The Bankwatch

Tracking the consumer evolution of financial services

India launches ubiquitous mobile banking infrastructure

The United Payment Interface (UPI) launches commercially in India on Monday 18th, April, 2016. The first step was the launch of a national biometric identification system. This first step has met with apparent resounding success.


So far, India’s attempt to assign every citizen a unique 12-digit number associated with a person’s unique iris, fingerprint or facial features, is succeeding—just last week, Aadhaar reached its milestone of registering 1 billion people. With more than 80 percent of Indians enrolled, it gives the payments system a solid base to build on.

The Bloomberg article goes on to note that the UPI will bring capabilities similar to M-Pesa in Kenya which means new companies can offer low cost banking and money transfer to millions who have never even had a regular bank account, due to availability and cost. It references one such offer coming from Khosla:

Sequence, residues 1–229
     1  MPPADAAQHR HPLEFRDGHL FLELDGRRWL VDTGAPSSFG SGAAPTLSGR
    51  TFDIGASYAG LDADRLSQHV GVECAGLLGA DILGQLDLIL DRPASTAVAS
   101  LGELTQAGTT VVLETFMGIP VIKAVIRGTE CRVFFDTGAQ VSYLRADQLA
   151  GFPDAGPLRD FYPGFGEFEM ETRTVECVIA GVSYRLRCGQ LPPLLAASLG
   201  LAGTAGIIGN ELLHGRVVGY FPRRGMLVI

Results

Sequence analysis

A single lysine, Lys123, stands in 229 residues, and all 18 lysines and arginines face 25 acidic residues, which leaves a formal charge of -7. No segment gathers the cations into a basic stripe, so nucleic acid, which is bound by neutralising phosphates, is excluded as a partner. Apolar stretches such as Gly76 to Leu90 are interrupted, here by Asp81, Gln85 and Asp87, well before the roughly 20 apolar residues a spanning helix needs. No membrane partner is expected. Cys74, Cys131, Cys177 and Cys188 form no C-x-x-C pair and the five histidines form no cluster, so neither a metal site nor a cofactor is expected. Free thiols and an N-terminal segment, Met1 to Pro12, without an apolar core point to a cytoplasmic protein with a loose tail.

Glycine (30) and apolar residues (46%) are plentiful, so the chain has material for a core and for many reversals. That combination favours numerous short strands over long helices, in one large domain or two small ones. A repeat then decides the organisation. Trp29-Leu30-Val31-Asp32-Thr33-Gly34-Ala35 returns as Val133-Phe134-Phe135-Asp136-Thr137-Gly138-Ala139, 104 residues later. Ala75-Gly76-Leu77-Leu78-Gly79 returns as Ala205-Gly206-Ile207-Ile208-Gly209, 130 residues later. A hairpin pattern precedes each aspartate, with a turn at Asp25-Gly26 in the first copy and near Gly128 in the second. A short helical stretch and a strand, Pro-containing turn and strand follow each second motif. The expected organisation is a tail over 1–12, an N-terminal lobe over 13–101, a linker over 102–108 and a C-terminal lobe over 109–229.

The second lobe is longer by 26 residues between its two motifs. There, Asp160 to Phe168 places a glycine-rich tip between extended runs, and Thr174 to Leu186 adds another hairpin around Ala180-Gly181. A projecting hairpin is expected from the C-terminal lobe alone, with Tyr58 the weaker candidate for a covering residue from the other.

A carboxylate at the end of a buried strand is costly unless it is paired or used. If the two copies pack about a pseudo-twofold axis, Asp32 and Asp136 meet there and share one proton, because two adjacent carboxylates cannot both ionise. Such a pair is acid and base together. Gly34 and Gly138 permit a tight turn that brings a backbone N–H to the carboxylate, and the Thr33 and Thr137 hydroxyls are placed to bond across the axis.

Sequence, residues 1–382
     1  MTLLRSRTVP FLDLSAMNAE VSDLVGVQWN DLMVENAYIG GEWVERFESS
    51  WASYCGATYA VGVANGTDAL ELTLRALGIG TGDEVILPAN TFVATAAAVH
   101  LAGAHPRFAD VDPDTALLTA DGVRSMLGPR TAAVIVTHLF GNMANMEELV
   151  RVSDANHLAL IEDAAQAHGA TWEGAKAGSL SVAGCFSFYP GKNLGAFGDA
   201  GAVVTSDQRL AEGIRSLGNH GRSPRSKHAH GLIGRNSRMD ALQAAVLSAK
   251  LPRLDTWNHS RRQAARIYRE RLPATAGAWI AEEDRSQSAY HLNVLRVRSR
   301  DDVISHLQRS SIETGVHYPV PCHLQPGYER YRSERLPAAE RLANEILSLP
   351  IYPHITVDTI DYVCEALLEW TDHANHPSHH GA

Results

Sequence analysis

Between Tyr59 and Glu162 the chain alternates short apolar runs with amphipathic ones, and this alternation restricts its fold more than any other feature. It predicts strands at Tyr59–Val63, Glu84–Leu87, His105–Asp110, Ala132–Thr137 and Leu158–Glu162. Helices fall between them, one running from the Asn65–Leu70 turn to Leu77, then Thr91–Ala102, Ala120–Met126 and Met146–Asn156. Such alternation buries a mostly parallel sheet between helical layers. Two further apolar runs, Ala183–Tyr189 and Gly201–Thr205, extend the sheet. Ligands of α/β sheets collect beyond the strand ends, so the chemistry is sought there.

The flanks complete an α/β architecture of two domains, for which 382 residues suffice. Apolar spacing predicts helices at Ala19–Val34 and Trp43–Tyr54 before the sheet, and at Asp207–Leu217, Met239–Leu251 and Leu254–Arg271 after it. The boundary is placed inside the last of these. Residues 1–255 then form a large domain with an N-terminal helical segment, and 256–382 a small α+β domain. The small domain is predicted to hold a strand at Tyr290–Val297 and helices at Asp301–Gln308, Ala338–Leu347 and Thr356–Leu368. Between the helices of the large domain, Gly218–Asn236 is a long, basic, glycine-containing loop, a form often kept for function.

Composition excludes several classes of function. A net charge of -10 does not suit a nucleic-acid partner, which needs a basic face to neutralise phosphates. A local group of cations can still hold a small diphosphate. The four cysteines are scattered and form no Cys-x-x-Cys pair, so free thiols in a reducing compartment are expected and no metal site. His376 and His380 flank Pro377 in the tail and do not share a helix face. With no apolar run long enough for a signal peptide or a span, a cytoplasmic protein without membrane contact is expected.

Vinod Khosla, billionaire investor and co-founder of Sun Microsystems. His Bangalore-based incubator Khosla Labs is backing an Indian startup called Novopay, which offers mobile banking at 44,000 kiranas, or neighborhood convenience stores, in the country.

What I and many find interesting is that while the motivation for these initiatives is to bring banking to the unbanked, the methodology and consumer costs involved would be a very attractive proposition to many in the west who are very ‘banked’.

Written by Colin Henderson

April 17, 2016 at 14:46

Posted in Uncategorized

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